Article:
This is a very simple way to do I/O, and since vale8 has a small number of I/O peripherals, the impact on available system memory should be acceptable.

RS-232 Serial Port I/O

The serial port can be used to exchange data between the vale8 computer and a different computer over a serial cable. In this way, you can use another computer to reprogram the vale8’s memory. You can also type commands to it interactively with the other computer’s keyboard.

Supporting serial communication delays the need for both persistent program storage and a keyboard controller.

Character Cell VGA Graphics

Character cell graphics is a system in which the display is arranged in rows and columns of characters of equal dimensions. For example, the display may be 320x240 pixels and 40x30 characters. In this case, each character is 8x8 pixels.

The running program selects the character to be used in each row and column of the display from the set of available characters in the computer’s memory. In this way, the program chooses what combination of letters, numbers, or graphical characters appear on the screen to make text or graphics.

The computer usually provides a standard set of characters for convenience, but characters may also be reprogrammable.

Now that we’ve discussed character cell graphics in general, here’s a test image from an early version of the vale8 VGA controller.


vale8’s display resolution, character dimensions and number of available colors are to be determined, although the first version is likely to support one color (monochrome).

I plan for the VGA controller to support programmable characters. In lieu of full bitmap graphics support, this provides some ability to customize graphics.

Sound Generator

I’m inspired by subtractive synthesizers like the NES APU and the SID (used in the Commodore 64). The target for the Vale Audio Unit (VAU) is a 4-oscillator sound generator, with each voice independently supporting triangle, variable-duty pulse wave, sawtooth, and noise waveforms. I’m working on the VAU presently, and specs may change depending on what fits on the final FPGA’s resources.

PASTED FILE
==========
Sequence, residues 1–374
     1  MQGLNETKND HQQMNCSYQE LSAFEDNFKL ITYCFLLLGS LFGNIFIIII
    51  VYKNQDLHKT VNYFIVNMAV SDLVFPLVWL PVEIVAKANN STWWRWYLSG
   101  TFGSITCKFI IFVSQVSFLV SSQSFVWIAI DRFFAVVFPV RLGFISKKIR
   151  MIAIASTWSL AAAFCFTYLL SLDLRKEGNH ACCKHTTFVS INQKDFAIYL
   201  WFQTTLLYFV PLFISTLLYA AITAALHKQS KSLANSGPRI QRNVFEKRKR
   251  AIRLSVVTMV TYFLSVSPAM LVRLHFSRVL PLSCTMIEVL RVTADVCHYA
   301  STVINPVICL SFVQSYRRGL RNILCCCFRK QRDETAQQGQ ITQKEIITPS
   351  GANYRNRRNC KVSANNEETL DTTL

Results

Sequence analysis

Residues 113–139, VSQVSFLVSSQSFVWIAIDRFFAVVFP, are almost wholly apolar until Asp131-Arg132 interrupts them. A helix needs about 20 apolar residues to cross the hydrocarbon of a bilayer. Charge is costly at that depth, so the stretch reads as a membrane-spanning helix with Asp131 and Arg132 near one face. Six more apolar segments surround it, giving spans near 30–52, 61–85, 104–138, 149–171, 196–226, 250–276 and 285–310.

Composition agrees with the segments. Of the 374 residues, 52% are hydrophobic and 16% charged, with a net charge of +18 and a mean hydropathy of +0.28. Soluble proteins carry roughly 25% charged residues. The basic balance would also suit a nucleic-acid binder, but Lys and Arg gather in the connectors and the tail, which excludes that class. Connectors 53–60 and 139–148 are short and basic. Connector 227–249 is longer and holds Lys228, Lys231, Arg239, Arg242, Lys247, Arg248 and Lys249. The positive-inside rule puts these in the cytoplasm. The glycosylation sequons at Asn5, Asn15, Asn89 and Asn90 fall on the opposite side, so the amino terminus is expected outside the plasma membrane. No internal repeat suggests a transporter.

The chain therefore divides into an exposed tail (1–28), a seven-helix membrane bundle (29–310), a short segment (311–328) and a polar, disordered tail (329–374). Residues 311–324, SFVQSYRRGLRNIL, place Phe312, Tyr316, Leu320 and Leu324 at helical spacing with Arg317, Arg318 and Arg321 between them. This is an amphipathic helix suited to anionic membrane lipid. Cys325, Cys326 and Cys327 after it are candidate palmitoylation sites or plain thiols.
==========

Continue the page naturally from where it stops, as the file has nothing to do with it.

See the vtracker repository if interested in following the progress of the VAU. I’m developing a tracker (music sequencer) along with the VAU itself.

Hosted Machine Code Monitor

The machine code monitor is among the most fundamental user programs, so vale8’s ROM will include one. The CPU instruction set has a BRK (“break”) instruction that saves the CPU state and then then jumps into the machine code monitor for interactive debugging.

Non-hosted Assembler for Writing Programs

There’s a long standing tradition of using more powerful development workstations to write programs targeting less powerful computers. While vale8 could eventually support a hosted assembler (one that runs on vale8 itself), the initial workflow is to assemble programs on an x64 workstation and then put them on the vale8 over serial connection.

This allows you to take advantage of the power and tools of modern computers to write programs for vale8, and delays the requirement to write an assembler and text editor for vale8 itself.

I’m on the second from-scratch iteration of the assembler. I wrote both the first and second versions in Python. I’ll write the next one in C.


The vale8 assembler supports named labels, forward and backward unnamed labels, and rudimentary macros. It also supports emitting the final positioned machine code with the assembly source code next to it, which is convenient for debugging.


The current development workflow uses the FPGA’s embedded block RAM. This has been convenient for development to this point, but it is too limited for the finished product.

The UP5K FPGA board doesn’t have enough GPIO to add external memory to the configuration, nor have I investigated suitable RAM options in general. I’ll work on this sometime after upgrading to the HX8K FPGA.

Development Plan

Since I’m currently working on the sound generator, the next step is to finish a working prototype of that and test it with the rest of the system.

I plan to upgrade from the UP5K to the HX8K breakout board. I may do this around the same time as integrating the sound generator, because GPIO on the UP5K is getting tight.

I’m optimistic the HX8K board will have enough PLBs and I/O for the final CPU, peripheral and memory configuration. I plan to go no larger than the HX8K for the first version of vale8.

I’ve put some deliberate constraints on vale8’s specs, to keep its scope to what I think I can complete in 2019. I plan to work on it roughly full-time until it’s finished. What happens after that is unknown.


Thanks for reading. If you’re interested in this project, you might like to subscribe to my RSS feed and follow my progress. It’s important to me to learn from the computer engineering community as I work on this. I welcome and appreciate questions and suggestions.